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Burgess, George Kimball (04 January 1874–02 July 1932), physicist and director of the National Bureau of Standards, was born in Newton, Massachusetts, the son of Charles A. Burgess and Addie Louise Kimball. Burgess attended the public schools of Newton, graduating from Newton High School in 1892, and the Massachusetts Institute of Technology (MIT), graduating in 1896 with a B.S. degree in physics. He remained at MIT for two additional years as an assistant instructor in physics and won an MIT traveling fellowship to do graduate study abroad. He chose the Sorbonne, a choice that had two major consequences for him. First, as a student of physics there (1898–1900) he came to know such leading French scientists as Henri Le Chatelier, Gabriel Lippmann, and Henri Poincaré. During his two years in Paris, Burgess completed his course work, performed high-temperature measurements, and translated Le Chatelier’s book on temperature measurement into English. After spending the academic year 1900–1901 as an instructor in physics at the University of Michigan, Burgess returned to Paris to defend his doctoral thesis, a redetermination of the gravitational constant by means of a redesigned torsion balance. The second major consequence of his Paris sojourn was that he met Suzanne Babut, whom he married in 1901; they had no children....

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Coolidge, Albert Sprague (23 January 1894–31 August 1977), chemical physicist, political activist, and civil libertarian, was born in Chicago, Illinois, the son of Frederic Shurtleff Coolidge, an orthopedic surgeon, and Elizabeth Sprague Coolidge. His mother was the daughter of Albert Arnold Sprague, a pioneer merchant of Chicago, which made it possible for Sprague Coolidge to be financially independent. He was directly descended from John Coolidge of Watertown, Massachusetts, who emigrated from England in 1630 and whose farm occupied almost all of what is now Cambridge, Massachusetts. His college preparatory education was at the Hill School in Pottstown, Pennsylvania. He graduated summa cum laude with an A.B. from Harvard College in 1915. That year he married Margaret Stewart Coit. They had five children....

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Hugh L. Dryden Courtesy of NASA (DRFC E-4248).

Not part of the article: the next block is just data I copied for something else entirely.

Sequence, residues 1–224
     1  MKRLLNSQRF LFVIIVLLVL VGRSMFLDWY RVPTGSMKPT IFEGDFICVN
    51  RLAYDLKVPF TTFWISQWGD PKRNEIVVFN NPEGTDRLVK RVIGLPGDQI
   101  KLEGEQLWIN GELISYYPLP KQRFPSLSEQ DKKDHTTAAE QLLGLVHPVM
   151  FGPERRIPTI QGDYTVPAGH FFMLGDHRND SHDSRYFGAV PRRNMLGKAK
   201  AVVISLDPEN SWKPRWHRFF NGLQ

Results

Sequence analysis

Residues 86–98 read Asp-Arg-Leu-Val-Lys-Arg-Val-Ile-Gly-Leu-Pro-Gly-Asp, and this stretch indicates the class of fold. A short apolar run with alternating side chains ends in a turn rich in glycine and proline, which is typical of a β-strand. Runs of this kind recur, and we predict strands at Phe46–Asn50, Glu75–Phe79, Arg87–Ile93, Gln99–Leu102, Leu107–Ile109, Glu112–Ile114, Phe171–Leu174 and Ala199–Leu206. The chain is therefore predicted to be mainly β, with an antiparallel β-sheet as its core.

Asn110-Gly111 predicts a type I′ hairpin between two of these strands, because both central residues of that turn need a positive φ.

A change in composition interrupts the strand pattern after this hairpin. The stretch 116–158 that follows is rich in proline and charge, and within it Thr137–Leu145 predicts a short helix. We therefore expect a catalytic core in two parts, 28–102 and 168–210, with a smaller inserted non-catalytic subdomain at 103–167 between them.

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Dryden, Hugh Latimer (02 July 1898–02 December 1965), physicist, was born in Pocomoke City, Maryland, the son of Samuel Isaac Dryden, a schoolteacher, and Zenovia Hill Culver. In 1907 the practicing Methodist family moved to Baltimore City, where Dryden’s father worked as a streetcar conductor for the rest of his life. In 1910 young Dryden saw an airplane for the first time, and, in his recollection, this prompted him to focus his life on aeronautics. He attended the Johns Hopkins University, receiving his B.A. with honors in 1916 and his M.A. in physics two years later....

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Grant, James Benton (02 January 1848–01 November 1911), metallurgist and governor of Colorado, was born in Russell County, Alabama, the son of Thomas McDonough Grant, a physician and owner of a plantation on the Chattahoochee River, and Mary Jane Benton. Both of his parents were natives of Halifax County, North Carolina. Grant’s grandfather was a member of the Highland clan of Grants who, after having fought in the Battle of Culloden, were transported as rebellious subjects to North Carolina in 1746. Grant’s father Thomas, after receiving an education in medicine in Philadelphia, Pennsylvania, and Charleston, South Carolina, migrated to Alabama to practice medicine and farm. Meanwhile, Grant’s uncle, James Grant, who would play an important role in his life, migrated to frontier Chicago, Illinois, where he began practicing law in 1833....

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Haworth, Leland John (11 July 1904–05 March 1979), physicist, administrator, and government official, was born in Flint, Michigan, the son of Paul Leland Haworth and Martha Ackerman. He grew up on a large fruit farm in West Newton, Indiana, near Indianapolis, where his father was a professor of history at both Indiana University and Butler University. In 1921 Haworth graduated from West Newton High School, where he played on the baseball team....

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Lauritsen, Charles Christian (04 April 1892–13 April 1968), nuclear physicist, rocket designer, and national defense science policy adviser, was born in Holstebro, Denmark, the son of Thomas Lauritsen, a sawmill owner, and Marie Nielsen. Lauritsen graduated with a degree in architecture from the Odense Technical School in 1911. In 1915 he married Sigrid Henriksen, a radiologist; they had one child, ...